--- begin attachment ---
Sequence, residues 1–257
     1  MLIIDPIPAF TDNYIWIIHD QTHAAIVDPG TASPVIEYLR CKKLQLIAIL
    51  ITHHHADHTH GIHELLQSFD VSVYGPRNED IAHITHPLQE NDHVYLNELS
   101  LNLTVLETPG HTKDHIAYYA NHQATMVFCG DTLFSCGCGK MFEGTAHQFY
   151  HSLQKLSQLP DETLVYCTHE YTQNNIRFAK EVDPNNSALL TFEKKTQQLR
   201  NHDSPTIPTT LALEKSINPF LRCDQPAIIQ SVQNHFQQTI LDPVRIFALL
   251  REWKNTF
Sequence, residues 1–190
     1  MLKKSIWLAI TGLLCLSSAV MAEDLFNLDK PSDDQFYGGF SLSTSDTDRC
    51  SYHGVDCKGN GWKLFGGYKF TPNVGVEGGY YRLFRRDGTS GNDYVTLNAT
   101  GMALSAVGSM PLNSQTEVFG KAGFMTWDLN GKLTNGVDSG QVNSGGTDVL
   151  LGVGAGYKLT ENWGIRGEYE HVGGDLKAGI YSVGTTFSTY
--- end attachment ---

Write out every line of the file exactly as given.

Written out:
Sequence, residues 1–257
     1  MLIIDPIPAF TDNYIWIIHD QTHAAIVDPG TASPVIEYLR CKKLQLIAIL
    51  ITHHHADHTH GIHELLQSFD VSVYGPRNED IAHITHPLQE NDHVYLNELS
   101  LNLTVLETPG HTKDHIAYYA NHQATMVFCG DTLFSCGCGK MFEGTAHQFY
   151  HSLQKLSQLP DETLVYCTHE YTQNNIRFAK EVDPNNSALL TFEKKTQQLR
   201  NHDSPTIPTT LALEKSINPF LRCDQPAIIQ SVQNHFQQTI LDPVRIFALL
   251  REWKNTF
Sequence, residues 1–190
     1  MLKKSIWLAI TGLLCLSSAV MAEDLFNLDK PSDDQFYGGF SLSTSDTDRC
    51  SYHGVDCKGN GWKLFGGYKF TPNVGVEGGY YRLFRRDGTS GNDYVTLNAT
   101  GMALSAVGSM PLNSQTEVFG KAGFMTWDLN GKLTNGVDSG QVNSGGTDVL
   151  LGVGAGYKLT ENWGIRGEYE HVGGDLKAGI YSVGTTFSTY